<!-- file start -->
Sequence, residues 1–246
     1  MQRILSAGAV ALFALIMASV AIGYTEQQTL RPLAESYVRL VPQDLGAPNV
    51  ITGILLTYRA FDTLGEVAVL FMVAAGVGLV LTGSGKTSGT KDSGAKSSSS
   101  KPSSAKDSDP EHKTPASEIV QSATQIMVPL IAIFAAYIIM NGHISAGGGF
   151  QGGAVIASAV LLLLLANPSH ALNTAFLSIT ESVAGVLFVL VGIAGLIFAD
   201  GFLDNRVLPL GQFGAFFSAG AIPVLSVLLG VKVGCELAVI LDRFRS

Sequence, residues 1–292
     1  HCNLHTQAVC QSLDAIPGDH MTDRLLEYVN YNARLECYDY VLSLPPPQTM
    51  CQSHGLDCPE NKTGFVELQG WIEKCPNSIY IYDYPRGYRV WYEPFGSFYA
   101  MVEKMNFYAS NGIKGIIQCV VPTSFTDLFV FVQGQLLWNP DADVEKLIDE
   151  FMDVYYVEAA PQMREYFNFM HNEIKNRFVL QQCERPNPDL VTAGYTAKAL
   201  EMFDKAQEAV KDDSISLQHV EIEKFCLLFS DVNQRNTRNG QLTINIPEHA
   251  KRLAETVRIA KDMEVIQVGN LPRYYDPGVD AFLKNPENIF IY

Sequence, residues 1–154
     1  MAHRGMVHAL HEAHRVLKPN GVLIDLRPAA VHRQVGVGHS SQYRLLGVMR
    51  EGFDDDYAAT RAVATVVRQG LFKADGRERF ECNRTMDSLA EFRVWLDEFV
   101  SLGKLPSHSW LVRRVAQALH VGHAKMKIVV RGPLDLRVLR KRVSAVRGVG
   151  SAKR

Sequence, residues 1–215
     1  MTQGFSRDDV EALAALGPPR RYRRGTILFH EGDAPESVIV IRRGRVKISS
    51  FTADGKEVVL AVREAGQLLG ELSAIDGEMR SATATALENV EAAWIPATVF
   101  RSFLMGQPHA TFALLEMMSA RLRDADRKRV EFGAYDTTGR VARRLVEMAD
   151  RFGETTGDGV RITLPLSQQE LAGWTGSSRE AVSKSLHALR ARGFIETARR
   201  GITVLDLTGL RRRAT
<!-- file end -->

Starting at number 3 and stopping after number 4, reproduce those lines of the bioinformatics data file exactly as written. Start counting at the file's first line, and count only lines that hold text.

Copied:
    51  ITGILLTYRA FDTLGEVAVL FMVAAGVGLV LTGSGKTSGT KDSGAKSSSS
   101  KPSSAKDSDP EHKTPASEIV QSATQIMVPL IAIFAAYIIM NGHISAGGGF